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Serendipity in Travel: Building a Dragon Boat

What I love about Guizhou just as much as its jade rivers, green mountains and beautiful people is the serendipity of the place. Surprising things seem to happen in Guizhou constantly, and if you travel through it for an hour, or better still, a day, you’ll be certain to happen across something extraordinary just by chance.

When travelling I try to stay open to the possibility of a random encounter, even if it means changing my schedule, or missing something else.

I live by one travel rule: When the travel gods throw a crumb in your path, you need to pick it up and follow the trail. Don’t step over the crumb. Don’t ignore it.

These serendipitous experiences have formed some of my richest travel memories, like the time we met Chinese National Geographic photographer Big Mountain (his real name) and accompanied him to a Miao village ancestor’s feast; or the time we visited cave-dwelling paper-makers, and the time I was invited to an impromptu house-warming feast for four hundred people.

So on my visit to Guizhou last month we drove past a group of men huddled by the banks of a green, green river, on our way to Shidong Market.

“I think they’re maybe building a dragon boat there…” said Billy, our guide. “Want to have a look?”

Of course!

So we stopped, and reversed a few hundred metres. There was indeed a plain wooden boat in the water, its yellow timber very freshly-hewn from a single tree trunk. But it was unadorned, not at all like the richly-painted dragon boats I had seen in other parts of China.

There were perhaps fifty men standing around, seemingly waiting for something to happen, having the kind of conversations men are inclined to have when standing around together.

“Boat’s looking good.”
“Mmmhmm”

There were a couple of men in the boat itself, tying something together with what looked like strips of green bamboo.

Someone had a small round drum covered with buffalo hide, and he began to beat it with a slow, steady beat. The men all turned around to see what was happening.

“Look! It’s the dragon’s head!” Billy said.

I saw a man walking towards me with a very small dragon in his hand. It looked light, like a hockey stick.  To be honest I felt a little disappointed because this dragon seemed too insubstantial for a boat that size, but there it was. I took 18 pictures of it, my lens trained tight on the man holding it.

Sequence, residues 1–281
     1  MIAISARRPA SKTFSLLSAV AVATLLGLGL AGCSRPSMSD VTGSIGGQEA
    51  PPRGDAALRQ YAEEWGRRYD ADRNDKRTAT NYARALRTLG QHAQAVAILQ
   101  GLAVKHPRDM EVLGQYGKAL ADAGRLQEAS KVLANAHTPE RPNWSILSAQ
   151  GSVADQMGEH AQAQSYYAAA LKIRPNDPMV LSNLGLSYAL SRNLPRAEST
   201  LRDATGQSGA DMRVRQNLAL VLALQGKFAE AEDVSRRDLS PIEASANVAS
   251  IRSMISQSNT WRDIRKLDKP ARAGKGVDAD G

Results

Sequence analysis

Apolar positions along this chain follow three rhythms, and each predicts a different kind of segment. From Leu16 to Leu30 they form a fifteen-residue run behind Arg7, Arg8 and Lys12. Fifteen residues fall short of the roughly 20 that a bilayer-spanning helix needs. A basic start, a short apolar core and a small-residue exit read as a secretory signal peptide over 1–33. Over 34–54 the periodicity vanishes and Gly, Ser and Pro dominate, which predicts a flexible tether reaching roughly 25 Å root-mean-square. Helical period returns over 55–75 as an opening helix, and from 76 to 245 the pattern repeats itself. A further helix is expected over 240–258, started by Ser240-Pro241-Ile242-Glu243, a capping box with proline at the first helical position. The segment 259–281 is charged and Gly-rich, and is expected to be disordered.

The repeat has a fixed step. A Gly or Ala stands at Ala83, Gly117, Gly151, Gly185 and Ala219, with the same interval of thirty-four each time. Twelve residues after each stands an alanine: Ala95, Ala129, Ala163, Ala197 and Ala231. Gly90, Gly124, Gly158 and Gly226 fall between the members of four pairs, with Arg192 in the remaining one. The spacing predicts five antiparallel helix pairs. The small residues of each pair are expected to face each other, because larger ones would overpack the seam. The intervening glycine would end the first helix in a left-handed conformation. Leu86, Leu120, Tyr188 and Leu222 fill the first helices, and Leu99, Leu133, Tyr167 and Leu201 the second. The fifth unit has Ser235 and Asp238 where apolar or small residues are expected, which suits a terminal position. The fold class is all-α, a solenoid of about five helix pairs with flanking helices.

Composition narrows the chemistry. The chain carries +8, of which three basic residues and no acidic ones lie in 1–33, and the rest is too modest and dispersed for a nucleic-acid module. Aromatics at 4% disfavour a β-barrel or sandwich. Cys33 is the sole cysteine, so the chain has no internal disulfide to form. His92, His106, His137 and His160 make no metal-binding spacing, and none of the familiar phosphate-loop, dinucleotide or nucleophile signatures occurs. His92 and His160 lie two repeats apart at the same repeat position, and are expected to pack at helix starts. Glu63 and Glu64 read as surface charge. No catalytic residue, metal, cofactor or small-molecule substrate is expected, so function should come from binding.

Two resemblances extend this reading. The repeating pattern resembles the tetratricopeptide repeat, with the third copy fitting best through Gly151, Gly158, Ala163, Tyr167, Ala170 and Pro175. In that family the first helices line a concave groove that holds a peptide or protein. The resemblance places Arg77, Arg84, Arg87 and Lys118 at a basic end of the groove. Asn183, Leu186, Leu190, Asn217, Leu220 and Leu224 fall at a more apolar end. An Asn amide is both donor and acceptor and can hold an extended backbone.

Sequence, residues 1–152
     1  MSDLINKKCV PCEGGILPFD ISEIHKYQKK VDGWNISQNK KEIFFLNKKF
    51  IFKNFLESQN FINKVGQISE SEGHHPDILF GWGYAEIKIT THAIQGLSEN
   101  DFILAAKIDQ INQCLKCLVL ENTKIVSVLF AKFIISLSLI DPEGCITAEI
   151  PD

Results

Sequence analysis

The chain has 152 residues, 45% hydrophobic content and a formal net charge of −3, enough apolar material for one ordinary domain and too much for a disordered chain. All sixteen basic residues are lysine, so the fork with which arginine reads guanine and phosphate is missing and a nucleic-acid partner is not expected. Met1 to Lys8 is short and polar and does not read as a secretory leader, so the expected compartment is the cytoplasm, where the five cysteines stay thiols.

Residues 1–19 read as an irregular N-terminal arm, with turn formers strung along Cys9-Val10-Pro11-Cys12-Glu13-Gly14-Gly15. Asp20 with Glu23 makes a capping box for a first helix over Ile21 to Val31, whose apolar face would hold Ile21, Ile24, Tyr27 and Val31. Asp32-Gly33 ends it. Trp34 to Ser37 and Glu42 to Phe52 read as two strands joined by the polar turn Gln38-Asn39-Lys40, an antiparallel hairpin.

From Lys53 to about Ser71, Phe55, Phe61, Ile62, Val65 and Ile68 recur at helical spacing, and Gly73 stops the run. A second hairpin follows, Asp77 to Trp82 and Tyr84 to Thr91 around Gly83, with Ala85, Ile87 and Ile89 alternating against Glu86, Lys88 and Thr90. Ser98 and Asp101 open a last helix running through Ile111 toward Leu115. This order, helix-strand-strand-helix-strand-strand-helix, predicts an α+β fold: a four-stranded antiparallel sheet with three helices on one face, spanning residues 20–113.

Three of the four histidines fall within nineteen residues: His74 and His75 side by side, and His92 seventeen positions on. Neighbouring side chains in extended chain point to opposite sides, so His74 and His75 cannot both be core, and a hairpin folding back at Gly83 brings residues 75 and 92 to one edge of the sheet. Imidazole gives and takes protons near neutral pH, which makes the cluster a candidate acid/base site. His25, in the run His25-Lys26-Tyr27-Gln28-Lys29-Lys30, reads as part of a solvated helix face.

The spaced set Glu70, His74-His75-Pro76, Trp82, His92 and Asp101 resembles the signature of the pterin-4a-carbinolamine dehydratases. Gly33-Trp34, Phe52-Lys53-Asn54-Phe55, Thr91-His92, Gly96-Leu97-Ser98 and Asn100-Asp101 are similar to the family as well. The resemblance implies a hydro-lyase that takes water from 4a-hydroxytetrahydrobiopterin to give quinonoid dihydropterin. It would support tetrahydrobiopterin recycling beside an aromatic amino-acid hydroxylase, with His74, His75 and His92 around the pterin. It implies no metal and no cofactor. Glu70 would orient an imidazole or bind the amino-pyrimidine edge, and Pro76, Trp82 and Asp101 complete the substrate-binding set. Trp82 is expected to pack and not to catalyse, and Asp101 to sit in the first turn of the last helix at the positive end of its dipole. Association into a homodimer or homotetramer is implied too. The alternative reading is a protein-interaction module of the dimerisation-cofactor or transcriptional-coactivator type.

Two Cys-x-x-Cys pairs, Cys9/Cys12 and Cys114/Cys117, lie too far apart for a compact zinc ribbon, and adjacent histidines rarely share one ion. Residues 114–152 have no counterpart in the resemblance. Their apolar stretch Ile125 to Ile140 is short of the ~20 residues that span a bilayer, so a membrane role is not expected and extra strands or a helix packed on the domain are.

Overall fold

“Fiona,” said Billy.
“Yeah?” I said, without looking up from my camera.
“Not that dragon.” I looked up as he pointed at the dragon I was photographing. Then he pointed behind us: “That dragon.”
And there were six men struggling to carry the biggest, heaviest most colourful dragon head you ever saw.

Suddenly, all fifty men sprang into action to lift and position the dragon’s head over the bow of the boat, pinning it into place at a point of exact balance.


Because this part was quite difficult and very strenuous, two men gave continuous advice from a small wooden boat out on the river. Everyone ignored them. 
The head in place, I admired the dragon’s white wooden teeth, his mirrored nose, his long black eyelashes, and the bird sitting jauntily on top of his head.

But something seemed missing: his horns. Because these are Miao Dragon Boats, the dragons have the horns of the water buffalo, an animal of great importance in Miao culture.

 

At last everyone stood back to admire their work.
Meanwhile, all the boys in the group had taken to the second, much older dragon boat for games.
The second dragon boat lacked a head, but it soon arrived balanced singlehandedly on the shoulders of the village strongman.

 

The head in place, we learned finally that the boats would be racing in two days’ time in celebration of the Sister’s Meal Festival in nearby Laotun village. The boats looked magnificent, and the race would be such an exciting conclusion to seeing the two boats constructed. Billy thought we had a good chance of catching the race on our way back to the celebrations. We said goodbye to the men, and made our way on to the markets in Shidong.

Serendipity, of course, doesn’t always work out in the traveller’s favour. Two days later we passed the same spot in the river to find we had missed the Dragon Boat by a matter of minutes, mostly because we were delayed by stopping to help a local family get their van out of a bog. For them it was serendipitous, for us, not so much.

But we did get to see the magnificently decorated boat being awarded the winner’s banner with all the local women dressed in festival finery.

 

While the losing dragon boat paddled its lonely way back down the river.
So now tell me – what has been your luckiest travel encounter? Did you follow your curiosity? How did it turn out?